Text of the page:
It all comes down to one word: flow
By Giselle Galper
Over the last ten years, I’ve asked a lot of people about what they do for a living. I’ve heard many different answers, but whenever I ask people about how they feel at work—and whether they ever feel like time is standing still—I only ever get two reactions: their eyes either twinkle or go dull.
People in the latter camp have often tried several strategies for making the time pass faster—but drinking more coffee and taking small breaks doesn’t work. Not really. The real answer lies in a 2004 TED Talk that most people have never heard of, much less listened to.
In that TED Talk, a psychologist named Dr. Mihaly Csikszentmihalyi (pronounced Muh hay lee Chik sent mee hai ee) asks audience members one question: “What makes a life worth living?” The answer is not money, he explains. Not even a six- or seven-figure salary is guaranteed to make a person happy. It’s about a feeling—the kind of feeling whose presence makes someone’s eyes twinkle and whose absence quickly causes those same eyes to glaze over.
Today, Dr. Csikszentmihalyi is known as the father of “flow,” the mental state we reach when we feel most focused, challenged, and fulfilled by what we’re doing. In a word, we feel satisfied.
If someone’s eyes twinkle when you ask them how they feel about their work, there’s a good chance that—even if their job isn’t perfect—they experience significant feelings of flow while on the job.
If someone’s eyes grow dull, on the other hand, it’s likely that they rarely if ever experience flow. They probably feel fed up with their job. Stuck. They want a change but don’t know how to take the next step.
I myself felt stuck earlier in my own career. Caught between work and my responsibilities as a parent, I felt more and more like I was lacking a sense of purpose. So I started reading. I read about workplace operations, organizational behavior, and the meaning of life. Then, based on a recommendation in Creative Confidence: Unleashing the Creative Potential Within Us All by Tom and David Kelley, I started tracking my feelings about my work and reflecting on whether I was experiencing flow.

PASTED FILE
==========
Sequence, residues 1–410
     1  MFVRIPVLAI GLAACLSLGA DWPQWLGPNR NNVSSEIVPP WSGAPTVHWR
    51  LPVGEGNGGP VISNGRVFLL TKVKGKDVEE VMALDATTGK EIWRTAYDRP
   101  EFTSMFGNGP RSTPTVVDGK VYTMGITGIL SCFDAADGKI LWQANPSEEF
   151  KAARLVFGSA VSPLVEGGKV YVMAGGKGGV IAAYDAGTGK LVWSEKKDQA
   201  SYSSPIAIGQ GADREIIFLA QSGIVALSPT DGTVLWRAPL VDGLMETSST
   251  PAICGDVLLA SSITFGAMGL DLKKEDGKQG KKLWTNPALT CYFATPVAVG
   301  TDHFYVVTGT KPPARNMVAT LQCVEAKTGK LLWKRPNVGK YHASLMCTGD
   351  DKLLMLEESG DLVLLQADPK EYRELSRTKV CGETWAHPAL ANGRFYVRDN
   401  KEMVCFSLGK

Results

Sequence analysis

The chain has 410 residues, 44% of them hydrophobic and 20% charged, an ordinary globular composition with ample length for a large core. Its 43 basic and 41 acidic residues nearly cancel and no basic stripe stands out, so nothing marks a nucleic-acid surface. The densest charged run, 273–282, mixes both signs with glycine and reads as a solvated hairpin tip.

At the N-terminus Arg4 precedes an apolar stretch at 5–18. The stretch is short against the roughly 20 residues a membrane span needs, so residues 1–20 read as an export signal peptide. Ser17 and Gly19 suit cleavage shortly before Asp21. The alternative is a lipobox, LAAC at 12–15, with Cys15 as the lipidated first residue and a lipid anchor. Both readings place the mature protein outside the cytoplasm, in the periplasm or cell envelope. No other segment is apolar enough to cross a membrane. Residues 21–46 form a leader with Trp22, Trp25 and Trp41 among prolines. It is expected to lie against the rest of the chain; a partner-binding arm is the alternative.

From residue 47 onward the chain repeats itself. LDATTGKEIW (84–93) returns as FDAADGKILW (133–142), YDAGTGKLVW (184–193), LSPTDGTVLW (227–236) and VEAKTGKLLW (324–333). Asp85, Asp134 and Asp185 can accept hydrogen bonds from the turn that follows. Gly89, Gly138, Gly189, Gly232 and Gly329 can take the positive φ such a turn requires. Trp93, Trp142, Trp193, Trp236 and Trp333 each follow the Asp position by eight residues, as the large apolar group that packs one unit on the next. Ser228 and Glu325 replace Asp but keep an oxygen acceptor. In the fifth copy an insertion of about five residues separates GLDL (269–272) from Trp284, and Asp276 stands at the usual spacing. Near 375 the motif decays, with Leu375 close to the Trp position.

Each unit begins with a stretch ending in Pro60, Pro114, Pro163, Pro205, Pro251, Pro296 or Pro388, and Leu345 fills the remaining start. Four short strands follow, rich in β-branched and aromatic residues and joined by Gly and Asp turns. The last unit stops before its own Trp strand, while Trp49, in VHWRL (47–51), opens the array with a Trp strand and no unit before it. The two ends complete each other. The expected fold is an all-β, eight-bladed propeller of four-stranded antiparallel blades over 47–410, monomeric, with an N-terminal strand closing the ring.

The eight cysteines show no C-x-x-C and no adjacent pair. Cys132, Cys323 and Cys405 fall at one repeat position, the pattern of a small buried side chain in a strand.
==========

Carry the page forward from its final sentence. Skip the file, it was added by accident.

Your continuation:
By sticking with that method, I was able to figure out which work tasks and responsibilities made me feel most fulfilled. I shifted key aspects of my job accordingly, and almost immediately, I started enjoying my job more. Not only that, I started enjoying my life more.
Most of us spend a lot of time at work. The average American over the age of twenty-five spends approximately 40.5 hours per week on work. Of course, some professionals spend much more than that—doctors spend upwards of sixty hours per week at work. That is a lot of time. The good news is, when just 10 percent of our time is spent in a flow state, the rest of the time goes by much faster. We’re more productive, more efficient, and just happier overall.
At chea seed, we want everyone to benefit from flow as much as possible. We know that even before the pandemic, one of the top reasons women were leaving their jobs was a lack of satisfaction. Now, more than ever, we want you to love what you do. Yes, we also want to empower you to earn more and advance faster in your career. But at the end of the day, what matters most is that you’re satisfied with what you do—and that whenever anyone asks about your work, they’re sure to see that twinkle in your eye.